You’ve read that right, and it’s high time that we lay the popular Apollo 13 credo to rest, or at least within the context of our everyday lives as students, entrepreneurs and workers in society. We’ve all failed in something at some point in our lives, everybody perceives and deals with failure in their own way. Sometimes failure manifests itself in your test results, a business venture gone awry or a feeling of powerlessness to break free from the clutches of unemployment. And that’s okay. Failure - be it a distant memory you're running away from, a probability you’re running towards, or a reality you’re currently experiencing - should be embraced.
There was a time in growing up when people believed that failing school meant being jobless for the rest of your life, there was a time when we thought it’s too late for us if we don’t achieve a degree, there was a time when the most intelligent minds on the planet thought the Earth was flat, and if pre-woke Hollywood has ever taught us anything, its that our heroes always have one flaw that makes them weak and vulnerable. These are the few forms of failure’s misapprehension and misperception that ultimately elude us from ever being successful. But you’re not alone! All successful people go through these preludes of perception and experiences before turning the tide to their advantage as their gleaming hope for opportunity.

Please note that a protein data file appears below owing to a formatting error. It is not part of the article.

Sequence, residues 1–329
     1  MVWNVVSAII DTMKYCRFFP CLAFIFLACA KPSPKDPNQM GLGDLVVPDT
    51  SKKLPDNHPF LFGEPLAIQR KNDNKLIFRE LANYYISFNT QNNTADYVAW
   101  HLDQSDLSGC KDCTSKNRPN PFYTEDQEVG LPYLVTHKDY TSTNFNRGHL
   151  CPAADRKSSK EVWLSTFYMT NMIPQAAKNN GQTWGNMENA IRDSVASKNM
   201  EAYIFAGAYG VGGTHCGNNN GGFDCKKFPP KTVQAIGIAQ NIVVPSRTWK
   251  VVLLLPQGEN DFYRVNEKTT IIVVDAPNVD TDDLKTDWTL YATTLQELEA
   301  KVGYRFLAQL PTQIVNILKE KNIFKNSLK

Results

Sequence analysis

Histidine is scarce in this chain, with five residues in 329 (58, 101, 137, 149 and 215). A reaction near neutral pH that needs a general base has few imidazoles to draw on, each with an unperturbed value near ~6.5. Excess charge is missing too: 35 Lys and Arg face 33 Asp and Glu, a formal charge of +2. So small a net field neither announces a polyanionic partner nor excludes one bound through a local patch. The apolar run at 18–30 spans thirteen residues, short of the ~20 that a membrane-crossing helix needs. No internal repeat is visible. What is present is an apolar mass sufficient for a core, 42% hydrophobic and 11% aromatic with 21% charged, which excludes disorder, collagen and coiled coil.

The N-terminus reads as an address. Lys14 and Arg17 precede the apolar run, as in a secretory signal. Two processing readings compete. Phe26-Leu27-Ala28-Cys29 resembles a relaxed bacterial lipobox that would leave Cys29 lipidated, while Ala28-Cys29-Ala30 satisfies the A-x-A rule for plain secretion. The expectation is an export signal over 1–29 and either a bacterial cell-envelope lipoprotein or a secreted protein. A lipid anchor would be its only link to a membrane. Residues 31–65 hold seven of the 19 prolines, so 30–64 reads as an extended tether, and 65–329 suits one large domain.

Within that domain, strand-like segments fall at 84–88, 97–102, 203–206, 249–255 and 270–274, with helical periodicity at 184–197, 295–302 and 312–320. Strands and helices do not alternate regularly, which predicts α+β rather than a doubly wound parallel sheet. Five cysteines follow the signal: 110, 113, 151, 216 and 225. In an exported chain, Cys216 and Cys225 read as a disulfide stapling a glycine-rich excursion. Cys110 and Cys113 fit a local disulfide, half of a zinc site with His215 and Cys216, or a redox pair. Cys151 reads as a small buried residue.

This is it for people who have achieved success, they utilize failure as an empowering tool for learning. Look at Virgin Brand founder and “Rebel Entrepreneur”, Sir Richard Branson, who sold records by mail order at a lower price than conventional record stores before unfortunately getting busted for tax fraud. After paying a painful fine of £60,000 in penalties and facing imprisonment, Branson could have fallen. But instead, he accepted his failure and learned from it, leaving prison thinking bigger, longer-term, walking the talk, and thus began the story about Virgin Megastores, Virgin Records, Virgin Airlines, and the more recent Virgin Galactic.